2014 was a very important year in the field of behavioral health care. In January, the Affordable Care Act (ACA) was implemented, giving all Americans access to affordable health insurance options. The ACA expanded access to mental health services for 62 million Americans who were unable to access these important services before, making it the most monumental legislation involving behavioral health care since John F. Kennedy signed the Community Mental Health Act in 1963. The Substance Abuse and Mental Health Services Administration (SAMHSA) received a $144 million increase in federal funding, which meant more support for Primary Behavioral Heath Care Integration (PBHCI) and evidence based programs, among other things. In April 2014, President Barack Obama signed The Excellence in Mental Health Act into law. This legislation will establish pilot Certified Community Behavioral Health Center (CCBHC) programs in eight states and will increase access to community mental health and will create models for the standard of care at behavioral health centers across the nation. And, in July, the final rules for The Mental Health Parity and Addiction Equity Act of 2008 (MHPAEA) were implemented. The law now requires “group health plans and health insurance issuers to ensure that financial requirements (such as co-pays, deductibles) and treatment limitations (such as visit limits) applicable to mental health or substance use disorder (MH/SUD) benefits are no more restrictive than the predominant requirements or limitations applied to substantially all medical/surgical benefits1.” This final ruling demonstrates that our federal government views behavioral health care services as an essential health benefit.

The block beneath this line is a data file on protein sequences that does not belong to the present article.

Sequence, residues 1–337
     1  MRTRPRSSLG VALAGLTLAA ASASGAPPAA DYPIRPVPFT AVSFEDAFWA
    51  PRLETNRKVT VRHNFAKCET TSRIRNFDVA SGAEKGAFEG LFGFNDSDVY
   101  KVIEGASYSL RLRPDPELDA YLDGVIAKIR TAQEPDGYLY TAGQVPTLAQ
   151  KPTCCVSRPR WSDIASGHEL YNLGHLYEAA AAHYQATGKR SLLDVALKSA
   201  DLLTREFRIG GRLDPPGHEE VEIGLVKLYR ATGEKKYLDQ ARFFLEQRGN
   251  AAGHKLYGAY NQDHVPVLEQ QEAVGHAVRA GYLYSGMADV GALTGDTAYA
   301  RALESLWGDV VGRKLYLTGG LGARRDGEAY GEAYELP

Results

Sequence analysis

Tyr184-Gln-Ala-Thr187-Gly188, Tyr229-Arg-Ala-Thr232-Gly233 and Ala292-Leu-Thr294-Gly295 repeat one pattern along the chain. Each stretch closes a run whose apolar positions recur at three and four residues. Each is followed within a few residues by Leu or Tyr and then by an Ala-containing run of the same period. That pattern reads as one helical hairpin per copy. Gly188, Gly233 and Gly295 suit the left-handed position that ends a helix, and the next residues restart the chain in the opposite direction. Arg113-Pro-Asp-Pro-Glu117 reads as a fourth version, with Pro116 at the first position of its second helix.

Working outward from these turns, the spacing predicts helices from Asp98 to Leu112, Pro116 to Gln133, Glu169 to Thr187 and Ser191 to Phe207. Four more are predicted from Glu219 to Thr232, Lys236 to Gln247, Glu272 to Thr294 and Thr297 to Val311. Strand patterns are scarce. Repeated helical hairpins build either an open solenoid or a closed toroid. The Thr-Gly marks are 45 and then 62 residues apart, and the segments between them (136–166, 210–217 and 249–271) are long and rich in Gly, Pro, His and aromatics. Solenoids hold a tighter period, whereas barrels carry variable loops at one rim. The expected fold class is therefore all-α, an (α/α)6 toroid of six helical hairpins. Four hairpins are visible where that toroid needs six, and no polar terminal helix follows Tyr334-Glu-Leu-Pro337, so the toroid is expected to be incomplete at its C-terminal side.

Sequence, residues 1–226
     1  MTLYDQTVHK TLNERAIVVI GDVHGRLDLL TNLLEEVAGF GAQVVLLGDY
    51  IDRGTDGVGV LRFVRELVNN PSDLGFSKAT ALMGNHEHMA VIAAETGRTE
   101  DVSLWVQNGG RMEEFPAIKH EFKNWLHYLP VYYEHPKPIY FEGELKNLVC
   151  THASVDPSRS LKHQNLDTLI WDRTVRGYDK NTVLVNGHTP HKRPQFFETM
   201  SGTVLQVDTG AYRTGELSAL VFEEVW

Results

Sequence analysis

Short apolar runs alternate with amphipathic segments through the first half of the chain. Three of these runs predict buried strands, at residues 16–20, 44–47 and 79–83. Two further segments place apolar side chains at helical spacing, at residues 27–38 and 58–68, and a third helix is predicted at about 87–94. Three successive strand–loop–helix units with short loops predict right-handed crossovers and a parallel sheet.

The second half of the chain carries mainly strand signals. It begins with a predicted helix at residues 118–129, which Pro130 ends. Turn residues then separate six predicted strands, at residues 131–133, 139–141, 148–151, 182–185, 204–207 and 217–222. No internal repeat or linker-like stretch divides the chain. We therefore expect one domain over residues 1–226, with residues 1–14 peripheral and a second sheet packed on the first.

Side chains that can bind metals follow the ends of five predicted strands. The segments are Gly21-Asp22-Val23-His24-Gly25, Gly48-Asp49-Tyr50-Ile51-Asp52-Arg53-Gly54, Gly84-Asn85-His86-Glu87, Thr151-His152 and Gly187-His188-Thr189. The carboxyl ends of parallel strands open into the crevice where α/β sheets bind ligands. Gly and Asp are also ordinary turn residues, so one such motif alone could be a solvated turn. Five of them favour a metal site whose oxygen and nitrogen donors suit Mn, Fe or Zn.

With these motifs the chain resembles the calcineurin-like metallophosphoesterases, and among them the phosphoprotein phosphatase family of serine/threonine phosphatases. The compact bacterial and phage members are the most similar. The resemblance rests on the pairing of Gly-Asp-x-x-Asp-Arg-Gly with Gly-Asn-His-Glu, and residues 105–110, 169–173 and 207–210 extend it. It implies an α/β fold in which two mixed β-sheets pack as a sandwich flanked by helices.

In 1990 the U.S. Congress designated the first full week of October as Mental Illness Awareness Week in recognition of the effort of the National Alliance on Mental Illness (NAMI) to educate and increase awareness about mental illness. Since its inception, Mental Illness Awareness Week has been a time for mental health advocates to join together and promote community outreach and advocate for recovery from serious mental illness.
On July 22, 2013, Illinois Governor Pat Quinn signed SB 26 into law as Public Act 98-0104. This law implements the Affordable Care Act (ACA) in Illinois by expanding Medicaid to individuals whose income is at or below 138% of the Federal poverty level. This expansion will result in the largest increase in mental health funding in the state since the enactment of Medicaid decades ago1.